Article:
CSS Opposes the All Economic Regulations are Transparent (ALERT) Act of 2015, H.R. 1759

House Judiciary Markup

April 13, 2015 | Download PDF

The Honorable Bob Goodlatte
Chairman
House of Representatives
Judiciary Committee
Washington, DC 20515

The Honorable John Conyers, Jr.
Ranking member
House of Representatives
Judiciary Committee
Washington, DC 20515

Dear Representative:

The Coalition for Sensible Safeguards (CSS), an alliance of over 150 labor, scientific, research, good government, faith, community, health, environmental, and public interest groups, strongly opposes H.R. 1759, the All Economic Regulations are Transparent Act of 2015 (ALERT Act), which will be considered by the Committee this week.

We are particularly concerned with the provision contained in Section 653(a) that would delay important rules, essential to protecting the health, safety, and welfare of the American public, until six months after information supplied by agency heads is posted on the Internet by the Administrator of the Office of Information and Regulatory Affairs (OIRA), unless such rules meet certain limited exemptions. As a result of this requirement, the benefits of critically needed regulations – whether measured in lives saved, environmental damage averted, or money saved – would be put on hold unnecessarily for six months or longer. This delay amounts to a six-month regulatory moratorium, which is added to the often lengthy period of several years required for developing and finalizing these regulations. Such delays could extend well beyond that initial six-month period should the OIRA Administrator fail to post the required information in a timely manner.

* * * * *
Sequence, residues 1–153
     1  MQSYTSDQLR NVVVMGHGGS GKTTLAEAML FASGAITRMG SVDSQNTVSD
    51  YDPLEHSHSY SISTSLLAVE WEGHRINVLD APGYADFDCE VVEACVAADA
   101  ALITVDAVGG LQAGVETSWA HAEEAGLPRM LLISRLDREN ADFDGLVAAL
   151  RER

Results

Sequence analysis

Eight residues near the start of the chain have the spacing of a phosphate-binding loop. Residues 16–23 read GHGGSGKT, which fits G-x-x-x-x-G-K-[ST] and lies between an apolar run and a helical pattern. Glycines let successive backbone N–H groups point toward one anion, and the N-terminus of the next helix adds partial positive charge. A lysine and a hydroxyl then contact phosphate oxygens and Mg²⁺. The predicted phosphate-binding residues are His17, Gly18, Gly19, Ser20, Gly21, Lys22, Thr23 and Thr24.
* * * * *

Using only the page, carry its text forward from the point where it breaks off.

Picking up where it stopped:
In addition, the reporting requirements mandated by the bill amount to little more than wasteful busy-work for chronically under-resourced agencies. Much of the information required for monthly submission by agency heads on proposed or finalized regulations is duplicative of information already provided via the Regulations.gov website.

With respect to the information required under Section 651(2)(B) regarding the cost of proposed rules, it is unclear whether the dollar categories relate to annual or cumulative costs. Of particular concern is the absence of a requirement for similar information regarding rule benefits. This bill’s one-sided focus on regulatory costs provides a highly distorted picture of the value of critical safeguards that all Americans depend on. If this bill was truly about improving regulatory transparency, it would require that the public is provided with information on the many lives saved by health and safety regulations or how sensible financial rules can prevent another economic meltdown. By focusing exclusively on regulatory costs, this bill gives the misleading impression that regulations are an inescapable drain on the American economy.

Finally, CSS has long advocated for improving the transparency of the federal rulemaking process. Unfortunately, the requirements of the ALERT Act, which would delay important public protections and waste scarce government resources, fail to provide needed transparency improvements in the regulatory review process. Instead, the reporting requirements mandated under the ALERT Act would undermine transparency by generating cherry-picked data that seems calculated to provide a distorted picture of the U.S. regulatory system. We are left only to conclude that the aim of this bill is to advance a politicized campaign against critical public safeguards, rather than a serious attempt to provide needed transparency about a rulemaking process that should work for the public interest instead of special corporate interests.

We strongly urge you to oppose H.R. 1759.

Sincerely,

Katherine McFate
President and CEO, Center for Effective Government
Co-chair, Coalition for Sensible Safeguards

Robert Weissman
President, Public Citizen
Co-chair, Coalition for Sensible Safeguards

###

The Coalition for Sensible Safeguards is an alliance of consumer, labor, scientific, research, good government, faith, community, health, environmental, and public interest groups, as well as concerned individuals, joined in the belief that our country’s system of regulatory safeguards provides a stable framework that secures our quality of life and paves the way for a sound economy that benefits us all.